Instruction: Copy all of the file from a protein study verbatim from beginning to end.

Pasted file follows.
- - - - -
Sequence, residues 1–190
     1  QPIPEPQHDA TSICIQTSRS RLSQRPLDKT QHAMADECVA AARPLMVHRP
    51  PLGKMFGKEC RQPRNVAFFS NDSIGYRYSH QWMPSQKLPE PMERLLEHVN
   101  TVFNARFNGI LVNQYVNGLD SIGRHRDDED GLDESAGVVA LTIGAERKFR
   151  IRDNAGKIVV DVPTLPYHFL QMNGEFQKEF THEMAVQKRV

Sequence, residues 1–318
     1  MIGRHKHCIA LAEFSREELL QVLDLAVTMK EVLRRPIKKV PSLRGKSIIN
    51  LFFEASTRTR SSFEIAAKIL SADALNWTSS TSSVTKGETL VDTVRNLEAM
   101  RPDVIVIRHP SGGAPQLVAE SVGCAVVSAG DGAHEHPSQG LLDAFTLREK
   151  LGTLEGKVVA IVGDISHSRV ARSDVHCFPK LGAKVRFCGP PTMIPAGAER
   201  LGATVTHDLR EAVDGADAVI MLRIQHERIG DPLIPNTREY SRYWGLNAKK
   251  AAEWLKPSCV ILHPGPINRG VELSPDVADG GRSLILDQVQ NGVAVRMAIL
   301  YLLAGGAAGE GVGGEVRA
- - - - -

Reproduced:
Sequence, residues 1–190
     1  QPIPEPQHDA TSICIQTSRS RLSQRPLDKT QHAMADECVA AARPLMVHRP
    51  PLGKMFGKEC RQPRNVAFFS NDSIGYRYSH QWMPSQKLPE PMERLLEHVN
   101  TVFNARFNGI LVNQYVNGLD SIGRHRDDED GLDESAGVVA LTIGAERKFR
   151  IRDNAGKIVV DVPTLPYHFL QMNGEFQKEF THEMAVQKRV

Sequence, residues 1–318
     1  MIGRHKHCIA LAEFSREELL QVLDLAVTMK EVLRRPIKKV PSLRGKSIIN
    51  LFFEASTRTR SSFEIAAKIL SADALNWTSS TSSVTKGETL VDTVRNLEAM
   101  RPDVIVIRHP SGGAPQLVAE SVGCAVVSAG DGAHEHPSQG LLDAFTLREK
   151  LGTLEGKVVA IVGDISHSRV ARSDVHCFPK LGAKVRFCGP PTMIPAGAER
   201  LGATVTHDLR EAVDGADAVI MLRIQHERIG DPLIPNTREY SRYWGLNAKK
   251  AAEWLKPSCV ILHPGPINRG VELSPDVADG GRSLILDQVQ NGVAVRMAIL
   301  YLLAGGAAGE GVGGEVRA